The good news is that ich is generally easy to treat. The easiest thing to do is remove the betta and place it in a quarantine tank. This is often enough to kill the ich in the main tank as it no longer has anything to feed on.
In the meantime, treat the betta with heat and salt. Increase the temperature one degree every day until the temperature reaches 86 degrees F. Also, add one teaspoon per gallon of water and do a 25 percent water change every day. This will accelerate the lifespan of the parasite and create an environment harsh enough that it won’t survive.
Have you noticed fluffy white spots on your betta? This is likely a sign of columnaris, a bacterial infection that is somewhat common in bettas. It’s also called cotton wool disease because of its unique texture. A betta with columnaris may also have sores or ulcers on their body or fraying fins.
In addition to the white spots, you may also notice fraying fins or sores on their body. This disease can affect all of the fish in your tank so check them all if your betta is part of a community setting.
If columnaris is not treated, your betta may turn brown or black as it progresses. Treatment before this stage is critical. The best option is to place your betta in a quarantine tank.
Lower the temperature to about 75 degrees which is a little cooler than bettas usually prefer. Bacteria like warmer environments so, by lowering the temperature, you may be able to slow down the infection.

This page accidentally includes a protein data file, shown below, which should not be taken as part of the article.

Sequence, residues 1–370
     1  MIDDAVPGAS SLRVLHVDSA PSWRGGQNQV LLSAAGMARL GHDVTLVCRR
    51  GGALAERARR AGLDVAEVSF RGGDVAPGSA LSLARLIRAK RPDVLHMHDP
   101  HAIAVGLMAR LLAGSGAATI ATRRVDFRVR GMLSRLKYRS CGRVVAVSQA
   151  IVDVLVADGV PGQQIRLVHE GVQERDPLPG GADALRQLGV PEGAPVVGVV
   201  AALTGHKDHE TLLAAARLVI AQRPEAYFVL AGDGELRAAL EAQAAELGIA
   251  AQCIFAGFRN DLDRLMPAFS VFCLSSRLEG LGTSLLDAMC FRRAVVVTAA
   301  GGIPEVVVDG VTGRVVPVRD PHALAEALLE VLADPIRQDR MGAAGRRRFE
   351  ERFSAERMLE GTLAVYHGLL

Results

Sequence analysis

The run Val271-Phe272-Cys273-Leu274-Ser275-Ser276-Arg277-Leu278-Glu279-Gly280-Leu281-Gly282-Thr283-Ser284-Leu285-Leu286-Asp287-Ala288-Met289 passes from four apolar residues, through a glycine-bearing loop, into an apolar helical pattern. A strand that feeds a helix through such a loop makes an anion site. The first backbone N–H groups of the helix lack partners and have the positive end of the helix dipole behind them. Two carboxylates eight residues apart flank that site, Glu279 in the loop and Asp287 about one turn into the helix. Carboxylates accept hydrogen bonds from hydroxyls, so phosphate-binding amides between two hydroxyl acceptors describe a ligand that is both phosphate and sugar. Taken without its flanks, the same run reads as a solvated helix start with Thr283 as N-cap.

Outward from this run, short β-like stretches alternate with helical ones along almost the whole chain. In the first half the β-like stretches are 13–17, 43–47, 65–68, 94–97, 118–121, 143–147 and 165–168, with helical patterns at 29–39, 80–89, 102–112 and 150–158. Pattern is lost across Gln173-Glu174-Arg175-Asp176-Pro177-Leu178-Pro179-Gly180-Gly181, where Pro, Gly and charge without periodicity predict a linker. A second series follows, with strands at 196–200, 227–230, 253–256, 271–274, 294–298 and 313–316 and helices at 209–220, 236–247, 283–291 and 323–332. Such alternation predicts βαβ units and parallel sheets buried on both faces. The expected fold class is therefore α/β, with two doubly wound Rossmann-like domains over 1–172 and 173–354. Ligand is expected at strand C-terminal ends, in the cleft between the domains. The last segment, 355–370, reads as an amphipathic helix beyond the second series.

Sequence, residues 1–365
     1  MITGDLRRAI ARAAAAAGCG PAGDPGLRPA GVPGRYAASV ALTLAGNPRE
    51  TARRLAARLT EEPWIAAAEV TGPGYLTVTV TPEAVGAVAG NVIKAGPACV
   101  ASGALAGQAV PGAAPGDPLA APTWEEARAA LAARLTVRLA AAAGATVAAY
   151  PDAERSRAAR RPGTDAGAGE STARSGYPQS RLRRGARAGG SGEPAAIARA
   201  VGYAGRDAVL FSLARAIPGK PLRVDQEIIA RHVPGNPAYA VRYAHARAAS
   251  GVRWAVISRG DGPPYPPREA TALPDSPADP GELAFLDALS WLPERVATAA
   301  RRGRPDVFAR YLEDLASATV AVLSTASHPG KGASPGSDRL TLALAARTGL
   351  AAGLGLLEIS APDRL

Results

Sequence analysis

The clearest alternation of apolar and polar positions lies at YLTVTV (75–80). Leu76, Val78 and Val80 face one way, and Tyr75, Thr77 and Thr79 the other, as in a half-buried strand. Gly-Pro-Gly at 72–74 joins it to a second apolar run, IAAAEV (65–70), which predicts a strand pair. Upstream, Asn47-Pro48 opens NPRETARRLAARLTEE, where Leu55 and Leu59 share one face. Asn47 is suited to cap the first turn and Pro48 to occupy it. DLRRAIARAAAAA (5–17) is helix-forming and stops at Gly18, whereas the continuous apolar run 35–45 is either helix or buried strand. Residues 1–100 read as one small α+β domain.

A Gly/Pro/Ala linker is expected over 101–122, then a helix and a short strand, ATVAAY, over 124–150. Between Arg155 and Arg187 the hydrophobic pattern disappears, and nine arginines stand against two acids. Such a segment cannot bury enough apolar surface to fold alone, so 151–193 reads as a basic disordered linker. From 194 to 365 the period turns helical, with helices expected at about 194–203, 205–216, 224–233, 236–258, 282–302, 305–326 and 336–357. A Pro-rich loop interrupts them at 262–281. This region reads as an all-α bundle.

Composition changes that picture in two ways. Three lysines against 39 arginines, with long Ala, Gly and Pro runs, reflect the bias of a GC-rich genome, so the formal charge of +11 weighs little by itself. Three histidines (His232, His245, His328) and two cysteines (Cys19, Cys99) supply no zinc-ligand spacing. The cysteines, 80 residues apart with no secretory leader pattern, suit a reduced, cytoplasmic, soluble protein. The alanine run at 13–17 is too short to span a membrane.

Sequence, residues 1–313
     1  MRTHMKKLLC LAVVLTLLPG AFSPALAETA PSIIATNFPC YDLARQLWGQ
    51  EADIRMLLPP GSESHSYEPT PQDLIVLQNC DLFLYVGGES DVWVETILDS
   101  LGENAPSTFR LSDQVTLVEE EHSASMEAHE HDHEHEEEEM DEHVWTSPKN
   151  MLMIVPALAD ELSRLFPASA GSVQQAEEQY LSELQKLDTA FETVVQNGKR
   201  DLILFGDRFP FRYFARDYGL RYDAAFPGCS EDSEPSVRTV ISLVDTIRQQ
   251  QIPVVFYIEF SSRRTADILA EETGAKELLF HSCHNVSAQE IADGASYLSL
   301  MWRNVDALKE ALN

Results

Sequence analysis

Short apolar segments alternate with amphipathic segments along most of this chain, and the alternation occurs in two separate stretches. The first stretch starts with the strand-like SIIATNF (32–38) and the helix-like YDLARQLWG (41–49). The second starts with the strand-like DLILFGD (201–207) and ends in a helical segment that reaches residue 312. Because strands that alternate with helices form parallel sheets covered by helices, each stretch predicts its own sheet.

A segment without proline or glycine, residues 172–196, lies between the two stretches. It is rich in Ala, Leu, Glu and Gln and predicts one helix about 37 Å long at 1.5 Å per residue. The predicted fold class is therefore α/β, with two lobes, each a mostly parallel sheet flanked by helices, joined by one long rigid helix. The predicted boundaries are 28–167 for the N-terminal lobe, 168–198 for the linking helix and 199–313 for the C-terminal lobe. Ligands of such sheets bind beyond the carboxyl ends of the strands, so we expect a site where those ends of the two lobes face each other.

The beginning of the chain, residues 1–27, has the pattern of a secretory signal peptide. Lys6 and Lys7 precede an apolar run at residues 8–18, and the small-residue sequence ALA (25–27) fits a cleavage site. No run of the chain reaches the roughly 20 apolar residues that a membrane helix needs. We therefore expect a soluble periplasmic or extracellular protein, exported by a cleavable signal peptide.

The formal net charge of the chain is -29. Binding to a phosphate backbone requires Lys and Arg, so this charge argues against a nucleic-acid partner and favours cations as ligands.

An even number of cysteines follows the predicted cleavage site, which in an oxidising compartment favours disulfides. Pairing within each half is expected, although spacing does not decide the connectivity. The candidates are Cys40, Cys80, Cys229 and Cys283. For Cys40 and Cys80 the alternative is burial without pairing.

Add some aquarium salt – about a teaspoon for every five gallons – and use an antibiotic from the pet store. While you’re treating your betta in the quarantine tank, do daily 25 percent water changes in the main tank to try to get rid of any lingering bacteria.
Although not common, anchor worms can also cause a betta to turn white, especially if you recently introduced a new fish to the tank. Anchor worms are pretty easy to identify because they’re very noticeable on your betta. They can get to about ¾ inches long and appear split at the end.
If your betta has anchor worms, you’ll probably notice it scraping against things to try to get the worms off. This can cause red spots and sores so, if you see these worms, begin treatment right away.
Treatment is very hands-on, literally. To remove the worms, you have to actually catch the betta and remove the worms with tweezers. Get as close to the head of the worm as possible. Work quickly and give your betta breaks in the quarantine tank so it can recover and catch its breath.
After this, keep the betta in the quarantine tank. Add some salt and try a parasite treatment from the pet store.
How to Make Your Betta Fish Colorful?
If you notice that your betta is turning black or white, it’s important to assess what’s going on and intervene, especially if you suspect an infection. That said, your betta’s color may just fade with age. In this case, there are two things you can do to improve the color.
First, check the water in the tank. Anything that stresses your betta can cause your betta’s colors to fade, including high ammonia levels or temperatures that are too cold or too hot. You should also keep your betta in a five-gallon tank or larger to make sure it’s comfortable.
The second thing you can do to make your betta more colorful is to make sure you’re feeding it the right food. If you’re using flakes or pellets, it might not be enough. Brine shrimp is a great choice because the natural pigments enhance the betta’s color. You can also try giving you betta a mashed, cooked pea every so often.
Just because your betta was born to have bright beautiful colors doesn’t mean it’s always going to be that way. Several things can cause a betta’s colors to fade or worse. Knowing what to look for helps you determine the best way to move forward.
Sometimes, a simple tweak to the tank or the right food can solve the problem. Other times, you may need to place your fish in quarantine and provide the appropriate treatment.